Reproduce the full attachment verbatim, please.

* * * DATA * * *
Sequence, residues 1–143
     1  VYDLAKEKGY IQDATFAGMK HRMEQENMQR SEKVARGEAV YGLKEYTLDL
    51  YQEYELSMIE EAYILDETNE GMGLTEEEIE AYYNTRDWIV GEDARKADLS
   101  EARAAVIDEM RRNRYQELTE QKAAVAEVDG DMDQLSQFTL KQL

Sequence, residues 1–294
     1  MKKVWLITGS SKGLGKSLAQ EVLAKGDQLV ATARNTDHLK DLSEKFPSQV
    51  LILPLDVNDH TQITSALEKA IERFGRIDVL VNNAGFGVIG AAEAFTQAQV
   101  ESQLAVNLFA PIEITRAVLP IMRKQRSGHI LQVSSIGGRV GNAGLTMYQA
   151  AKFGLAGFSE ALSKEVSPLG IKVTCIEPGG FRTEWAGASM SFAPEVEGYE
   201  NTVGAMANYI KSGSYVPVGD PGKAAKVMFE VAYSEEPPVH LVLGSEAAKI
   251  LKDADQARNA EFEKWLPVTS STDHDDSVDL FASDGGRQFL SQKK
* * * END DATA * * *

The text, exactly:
Sequence, residues 1–143
     1  VYDLAKEKGY IQDATFAGMK HRMEQENMQR SEKVARGEAV YGLKEYTLDL
    51  YQEYELSMIE EAYILDETNE GMGLTEEEIE AYYNTRDWIV GEDARKADLS
   101  EARAAVIDEM RRNRYQELTE QKAAVAEVDG DMDQLSQFTL KQL

Sequence, residues 1–294
     1  MKKVWLITGS SKGLGKSLAQ EVLAKGDQLV ATARNTDHLK DLSEKFPSQV
    51  LILPLDVNDH TQITSALEKA IERFGRIDVL VNNAGFGVIG AAEAFTQAQV
   101  ESQLAVNLFA PIEITRAVLP IMRKQRSGHI LQVSSIGGRV GNAGLTMYQA
   151  AKFGLAGFSE ALSKEVSPLG IKVTCIEPGG FRTEWAGASM SFAPEVEGYE
   201  NTVGAMANYI KSGSYVPVGD PGKAAKVMFE VAYSEEPPVH LVLGSEAAKI
   251  LKDADQARNA EFEKWLPVTS STDHDDSVDL FASDGGRQFL SQKK